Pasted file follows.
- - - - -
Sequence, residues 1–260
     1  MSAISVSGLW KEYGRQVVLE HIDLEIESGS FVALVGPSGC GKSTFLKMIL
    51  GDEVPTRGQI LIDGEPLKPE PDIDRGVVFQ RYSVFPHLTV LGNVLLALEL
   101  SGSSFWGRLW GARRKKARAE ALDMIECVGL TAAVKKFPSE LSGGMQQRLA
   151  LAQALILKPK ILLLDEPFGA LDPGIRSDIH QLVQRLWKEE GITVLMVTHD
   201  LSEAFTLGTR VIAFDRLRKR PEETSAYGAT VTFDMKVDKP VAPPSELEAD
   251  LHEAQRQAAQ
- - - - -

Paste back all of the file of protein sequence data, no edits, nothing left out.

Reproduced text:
Sequence, residues 1–260
     1  MSAISVSGLW KEYGRQVVLE HIDLEIESGS FVALVGPSGC GKSTFLKMIL
    51  GDEVPTRGQI LIDGEPLKPE PDIDRGVVFQ RYSVFPHLTV LGNVLLALEL
   101  SGSSFWGRLW GARRKKARAE ALDMIECVGL TAAVKKFPSE LSGGMQQRLA
   151  LAQALILKPK ILLLDEPFGA LDPGIRSDIH QLVQRLWKEE GITVLMVTHD
   201  LSEAFTLGTR VIAFDRLRKR PEETSAYGAT VTFDMKVDKP VAPPSELEAD
   251  LHEAQRQAAQ